Ship English: Sailors’ speech in the early colonial Caribbean

Sally Delgado  


This book presents evidence in support of the hypothesis that Ship English of the early Atlantic colonial period was a distinct variety with characteristic features. It is motivated by the recognition that late-seventeenth and early-eighteenth century sailors’ speech was potentially an influential variety in nascent creoles and English varieties of the Caribbean, yet few academic studies have attempted to define the characteristics of this speech. Therefore, the two principal aims of this study were, firstly, to outline the socio-demographics of the maritime communities and examine how variant linguistic features may have developed and spread among these communities, and, secondly, to generate baseline data on the characteristic features of Ship English. The methodology’s data collection strategy targeted written representations of sailors’ speech prepared or published between the dates 1620 and 1750, and prioritized documents that were composed by working mariners. These written representations were then analyzed following a mixed methods triangulation design that converged the qualitative and quantitative data to determine plausible interpretations of the most likely spoken forms. Findings substantiate claims that there was a distinct dialect of English that was spoken by sailors during the period of early English colonial expansion. They also suggest that Ship English was a sociolect formed through the mixing, leveling and simplification processes of koinization. Indicators suggest that this occupation-specific variety stabilized and spread in maritime communities through predominantly oral speech practices and strong affiliations among groups of sailors. It was also transferred to port communities and sailors’ home regions through regular contact between sailors speaking this sociolect and the land-based service-providers and communities that maintained and supplied the fleets. Linguistic data show that morphological characteristics of Ship English are evident at the word-level, and syntactic characteristics are evident not only in phrase construction but also at the larger clause and sentence levels, whilst discourse is marked by characteristic patterns of subordination and culture-specific interjection patterns. The newly-identified characteristics of Ship English detailed here provide baseline data that may now serve as an entry point for scholars to integrate this language variety into the discourse on dialect variation in Early Modern English period and the theories on pidgin and creole genesis as a result of language contact in the early colonial period.

In this thoroughly researched and brilliantly written volume, Sally Delgado opens up vitally important new avenues for the study of the role of marginalized peoples such as sailors and convicts in the emergence of creole languages and other contact varieties of the colonial era. Since the ground-breaking work of Ian Hancock some decades ago, we have been waiting for a coherent and comprehensive work such as this to establish a framework and data base for making the systematic investigation of Ship English a reality. (Nicholas Faraclas, University of Puerto Rico, Rio Piedras Campus) The historiography of creole languages has long included frequent references to maritime English with only sketchy indication of just what this kind of speech was like. Sally Delgado has at last provided a comprehensive survey of a dialect that emerged on shipboard among sailors, which became one element in the new Englishes that emerged worldwide amidst the transatlantic slave trade and beyond. Anyone interested in creole languages, as well as those who would like their acquaintance with sailors' speech in the past to get beyond the likes of "Aye, matey", should consult this new volume. (John H McWhorter, Columbia University) While classes on “World English” are increasingly being included in university curricula, they provide little on how that language left the shores of Britain in the first place, and what it was like; until now, research in dialect studies on what was spoken on board ship during the early colonial period has been minimal. Dr. Delgado’s book is the first full-length study to address this; in addition to examining the distinctive characteristics of Ship English as an occupational register, it proposes that as the earliest contact variety, it provided the input in the formation of the Atlantic English-lexifier creoles. A groundbreaking study, essential reading for dialectologist and creolist alike. (Ian Hancock, The University of Texas)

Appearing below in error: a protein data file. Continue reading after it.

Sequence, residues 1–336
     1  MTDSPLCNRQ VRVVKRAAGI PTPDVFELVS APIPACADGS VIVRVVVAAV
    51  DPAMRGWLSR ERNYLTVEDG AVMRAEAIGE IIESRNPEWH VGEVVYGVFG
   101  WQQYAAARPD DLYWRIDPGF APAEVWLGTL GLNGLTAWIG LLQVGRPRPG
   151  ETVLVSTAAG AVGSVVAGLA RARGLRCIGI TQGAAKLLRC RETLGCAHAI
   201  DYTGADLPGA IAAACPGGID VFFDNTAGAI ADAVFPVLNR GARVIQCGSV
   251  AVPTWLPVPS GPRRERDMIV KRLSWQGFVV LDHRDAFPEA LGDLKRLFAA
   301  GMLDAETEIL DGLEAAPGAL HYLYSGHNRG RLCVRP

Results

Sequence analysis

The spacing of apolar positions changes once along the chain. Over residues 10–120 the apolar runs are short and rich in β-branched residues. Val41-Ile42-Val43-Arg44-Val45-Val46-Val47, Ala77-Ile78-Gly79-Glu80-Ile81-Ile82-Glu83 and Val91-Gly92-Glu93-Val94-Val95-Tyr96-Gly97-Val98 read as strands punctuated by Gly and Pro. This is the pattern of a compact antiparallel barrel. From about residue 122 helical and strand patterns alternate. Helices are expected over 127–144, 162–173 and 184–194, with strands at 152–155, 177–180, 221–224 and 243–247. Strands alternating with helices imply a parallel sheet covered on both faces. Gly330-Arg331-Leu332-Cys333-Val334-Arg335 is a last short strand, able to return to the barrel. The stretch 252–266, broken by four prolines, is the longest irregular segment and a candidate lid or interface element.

Author Biography

Sally Delgado, University of Puerto Rico at Cayey

Sally J. Delgado earned her PhD in the literature and languages of the English-speaking Caribbean with a specialization in linguistics from the University of Puerto Rico, Rio Piedras. Her principal research interest in historical linguistics, specifically dialectology and language contact in the early Caribbean, is motivated by her passion for cultural anthropology and travel. Her research on Ship English reflects her interest in how captives, convicts and crew impacted language change in the Caribbean. She is an assistant professor at the University of Puerto Rico in Cayey and lives in Caguas, Puerto Rico with her husband and two boys.


November 5, 2018
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Cite as
Delgado, Sally. 2018. Ship English: Sailors’ speech in the early colonial Caribbean. (Studies in Caribbean Languages 4). Berlin: Language Science Press. DOI: 10.5281/zenodo.2589996


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